A Cry For Help – Edmund McMillen Collection

The world's most elaborate suicide note? Let's assume not.

Edmund McMillen is either celebrating ten years of independent game development, or planning to mysteriously disappear. Either way, the result is the creation of a CD containing everything artistic he’s made over the last decade, from games like Aether, Meatboy and Triachnid to the doodles in his sketchbooks. We like Edmund McMillen lots, so this seems like a rather good thing.

The CD, brilliantly called This Is A Cry For Help – Celebrating 10 Years Of Artistic Independence, is a teeny $10, and available via NewsGrounds or a special edition with handdrawn extras and stickers from his Etsy shop. McMillen explains,

“I’ve spent the past 10 years of my life trying my best to stay independent and work on personal projects I felt had meaning to me and what I was trying to express as an artist. All my work has a personal cathartic theme. I don’t censor my ideas even if they contradict my personal views and I think that’s something very important when it comes to making art. Thanks for buying the CD, I hope you enjoy my work.”

Lovely, friendly Gish.

On there you’ll find 17 games (including Gish [lost levels], Aether, Meat Boy, The C Word, Cereus Peashy, Blood Car!, Guppy, and Blash Miner), along with 450 pages of his comics, over 300 pages of sketches, and a ton of Flash games and animations. Blimey.

Which is all a bit fab, really. McMillen is heralded by many in the PC indie scene as an inspiration, and his often disturbing games get plenty of recognition. Gish is certainly his most famous release, won the Seumas McNally Grand Prize at 2005’s IGF Awards, and the disc contains a collection of “lost levels” from the game.

He’s obviously having a bit of fun with his music choice for the trailers, too. For instance, his GameTrailers censored trailer features Kaada’s “Thank You For Giving Me Your Valuable Time”, with the closing reprise of “Bye bye” over and over.

Then in the uncensored version, the music is Hush by Tool, in which we’re reminded, “Fuck yourself, fuck yourself, you piece of shit.”

So, be warned that there’s plenty of appearances by ladybits and manwinkies before you buy, and as you’ll see in the trailers, a large amount of gloopy blood fun. This anthology also makes one other rather interesting point: it’s possible to have ten year collections of internet obscurities. Ten years!


  1. Sideath says:

    This. Looks. Awesome.

  2. Erlam says:

    I know it’s off topic, but what the hell is with the ‘Miley Cyrus’ adds all over this page all of the sudden? Goddamn, it’s surreal.

  3. Jonas says:

    It makes me slightly sad to think that if I were to release an anthology of my last 10 years of work, all it would have is a WC3 scenario, an NWN module, and one big Deus Ex mod. On the other hand, I can’t program and I’m no good artist, so it’s not like I could’ve done anything like this in that time :P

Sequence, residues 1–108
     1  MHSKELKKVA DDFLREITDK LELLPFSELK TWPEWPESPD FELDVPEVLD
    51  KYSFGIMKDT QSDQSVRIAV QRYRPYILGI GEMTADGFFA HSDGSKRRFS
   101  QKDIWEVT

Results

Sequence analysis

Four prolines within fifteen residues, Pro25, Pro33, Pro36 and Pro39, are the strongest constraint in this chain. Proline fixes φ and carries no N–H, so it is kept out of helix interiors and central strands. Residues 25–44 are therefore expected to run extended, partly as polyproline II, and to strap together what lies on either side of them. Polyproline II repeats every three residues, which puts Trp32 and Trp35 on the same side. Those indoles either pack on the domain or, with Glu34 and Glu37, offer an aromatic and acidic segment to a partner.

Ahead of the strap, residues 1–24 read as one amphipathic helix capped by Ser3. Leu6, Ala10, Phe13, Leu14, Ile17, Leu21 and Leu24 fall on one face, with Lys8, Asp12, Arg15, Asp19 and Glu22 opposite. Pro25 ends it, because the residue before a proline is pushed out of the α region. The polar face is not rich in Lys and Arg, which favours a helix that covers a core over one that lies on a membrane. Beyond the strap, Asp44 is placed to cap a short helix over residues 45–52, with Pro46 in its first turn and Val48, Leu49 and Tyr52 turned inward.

The only of McMillan’s games I’ve played is Triachnid. I loved its style and its modest narrative, but it was too punishing for me to get very far. I’m a wuss that way.

  4. K says:

    I decided to use my own soundtrack and chose “One Hundred Years” by The Cure. It seemed rather apt.
    Sounds like a bargain.

  5. Armyofnone says:

    I’ve been wanting to play Guppy since I saw the video… Very tempting.

  6. Nik Daum says:

    Those games have some slick, and sick, animation. I laughed when I saw “Clubby” the seal.

  7. Daniel Purvis says:

    Thanks for the link! Snagged one of the last three signed versions. Hehehe.

  8. Hypocee says:

    John and Alec aren’t on speaking terms? :P

    link to rockpapershotgun.com

  9. Heliocentric says:


    The advertisements are based on you cookies, no?

    So whats your excuse?

  10. Tei says:

    That guy work looks awesome. More the latest parts of the video than the first ones (but gish looks amazing).

    Also, is amazing to watch the 1 guy on 1.000.000 that can make real his dreams. How bold is to create this videogames in a world where everything ask for more and more time, so you have less and less for The Important Stuff, like creating videogames. Is also amazing how today, still exist people that can create a full game, from analisys, design, code, pictures, music, sound effects, installer, website and pimpage. WOA. That guy is singlehanding a mozart concerto.

  11. Tei says:

    Whats the meaning of the picture with the guy with hand in pieces drawed?
    “Right hand for sale as pieces”?

  12. Dinger says:

    Hypocee — duplicate posts are a sign that RPS has ‘arrived.’

  13. Gap Gen says:

    Is there a difference between the last 3 items in the store?

  14. Alec Meer says:

    Actually, duplicate posts are a sign that John doesn’t read his own website. Me sighs.

  15. John Walker says:

    I just don’t read Alec’s bits as he’s so rubbish.

  16. Dreamhacker says:

    *Insert previous flash-animated-snuff-hate-rant here*

  17. Gap Gen says:

    I think there’s some joy in having the uncensored trailer embedded.

  18. Ecko says:

    Chuckles like this, when I get deja vu because of repeat posts, are definitely what makes RPS great.

  19. Arnulf says:


  20. chesh says:

    Woot, got the last signed one.

  21. Shanucore says:

    I just ordered one from Etsy – looks like they have just 6 left, folks.

  22. Switch625 says:

    I just nabbed the last one from Etsy, guys. Sorry about that.
    (But also: woo!)

  23. AksumkA says:


  24. plant42 says:

    Dunno. As an artist myself I think some of this imagery is handled a bit clumsily. If you’re going to make a game about sex, genitalia or feminism more power to you – but the message isn’t reading here, unless the message is ‘misogyny is nice and shocking, that should get me some traffic.’

  25. Gap Gen says:

    Isn’t it more just the joie-de-vivre of engaging in a bit of toilet humour?

  26. Dreamhacker says:

    Honestly, people making flash-snuff need some serious help.

  27. MrDeVil_909 says:

    Honestly, people getting steamed up over _games_ that they are uncomfortable with need some serious help.

    The vast majority of games are ‘snuff’ games in that they involve killing and dying.

    Games will never be taken seriously as an art form if the creators need to self censor to protect the comfort of reactionaries.

  28. Dreamhacker says:

    Honestly, your definition of snuff is wrong. And you might need some help yourself.